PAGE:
Can you build a successful startup in 40 hours per week?
A tweet by Justin Jackson started a debate about building a startup on only 40 hours per week. Can it be done?
On one side Jason Cohen from WP Engine made the case that you need to put in more time to get a successful startup off the ground. Then, representing the other side, DHH from Basecamp made the case for balanced work hours.
So who is right?
They are both sharing from their own personal experience and observations. Neither side conducted extensive research on how many hours the founders worked at most successful companies. Jason sees just how hard it is to build a startup and he is encouraging everyone to set expectations properly. David was able to build Basecamp in under 40 hours per week (initially as low as 10-15 hours per week), so from his perspective it is completely possible.
This debate isn’t binary. There’s another factor that isn’t being discussed.
The quality of an hour
If I measure something and say it is 6 feet long, we all know exactly how long that is. If I say I’ll be somewhere in an hour, we all know how much time will pass until I arrive.
But if I say I’ll work on something for an hour, you have no idea how much work will be completed. Simply because not all hours are equal.
Can you build a great company in 40 hours a week? Absolutely! But only if those are high quality hours. Don’t kid yourself that your time bouncing between Twitter, Slack, and Hacker News counts towards the 40.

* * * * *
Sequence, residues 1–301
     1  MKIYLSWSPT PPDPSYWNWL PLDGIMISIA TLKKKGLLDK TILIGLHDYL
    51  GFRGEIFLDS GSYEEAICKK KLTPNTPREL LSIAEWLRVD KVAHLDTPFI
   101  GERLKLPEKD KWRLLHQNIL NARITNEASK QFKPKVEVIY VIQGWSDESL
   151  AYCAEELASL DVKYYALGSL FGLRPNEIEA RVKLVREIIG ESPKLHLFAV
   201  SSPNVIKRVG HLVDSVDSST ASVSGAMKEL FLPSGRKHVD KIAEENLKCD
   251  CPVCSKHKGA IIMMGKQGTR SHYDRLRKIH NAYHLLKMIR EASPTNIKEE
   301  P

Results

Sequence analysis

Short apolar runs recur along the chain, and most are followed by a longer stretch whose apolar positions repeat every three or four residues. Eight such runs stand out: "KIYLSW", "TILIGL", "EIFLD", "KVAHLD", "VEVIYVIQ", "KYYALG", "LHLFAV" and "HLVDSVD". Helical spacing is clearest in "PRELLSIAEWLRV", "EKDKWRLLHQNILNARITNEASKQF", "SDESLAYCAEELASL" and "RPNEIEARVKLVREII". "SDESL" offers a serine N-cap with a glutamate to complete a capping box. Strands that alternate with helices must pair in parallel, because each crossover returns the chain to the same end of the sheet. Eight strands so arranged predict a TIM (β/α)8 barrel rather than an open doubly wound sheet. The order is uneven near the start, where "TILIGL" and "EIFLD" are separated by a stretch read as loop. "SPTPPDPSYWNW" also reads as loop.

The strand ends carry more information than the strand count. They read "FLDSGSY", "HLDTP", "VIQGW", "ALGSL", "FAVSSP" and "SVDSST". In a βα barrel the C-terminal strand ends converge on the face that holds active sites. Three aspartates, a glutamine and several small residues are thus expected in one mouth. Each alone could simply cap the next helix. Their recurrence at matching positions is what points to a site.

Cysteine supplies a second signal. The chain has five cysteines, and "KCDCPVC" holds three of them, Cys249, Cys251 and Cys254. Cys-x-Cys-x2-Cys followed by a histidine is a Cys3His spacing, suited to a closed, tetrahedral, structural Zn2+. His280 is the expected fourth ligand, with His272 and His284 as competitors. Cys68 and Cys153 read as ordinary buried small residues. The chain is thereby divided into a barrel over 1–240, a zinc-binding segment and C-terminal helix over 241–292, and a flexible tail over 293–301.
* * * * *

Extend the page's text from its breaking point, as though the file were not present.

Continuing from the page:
Don’t confuse hours as an equal measurement for results.
Focus on output
When I was in high school I went with my dad to a church volunteer project. We were helping a family who had been dealing with medical issues landscape their yard. The task for the day was moving a giant pile of landscaping bark from the driveway to spread over weed fabric in the back yard.
I didn’t want to be there.
But I loaded my wheel barrow like every one else and casually brought it around and dumped it. Everyone was working at the pace you’d expect a volunteer group to work on a lazy Saturday morning.
After a few loads I looked at the massive pile of bark and noticed that we’d actually made a dent in it. Interesting.
I asked my dad, “Are we doing other projects after we spread this bark?” He looked at his watch and replied, “No, this will take all the time we have and is the last project they need done.”
Seeing my opportunity I filled my wheel barrow faster. Then quickened my pace around to the back yard.
The other volunteers noticed. They weren’t about to be outworked by a 14 year old, so their pace quickened. The group in the back yard started a mini game to see if they could spread the bark faster than we could get it to them. It was on!
We had estimated it would take four hours to finish. Instead we were done in just an hour.
The group was tired, but had a lot of fun. Everyone was impressed with how quickly we’d finished the work.
All it took was someone to set the pace. Which I only did because I wanted to leave sooner.
Don’t confuse hours worked with progress.
How long have you been working on your startup?
Before you tell me, I want to share a quick story.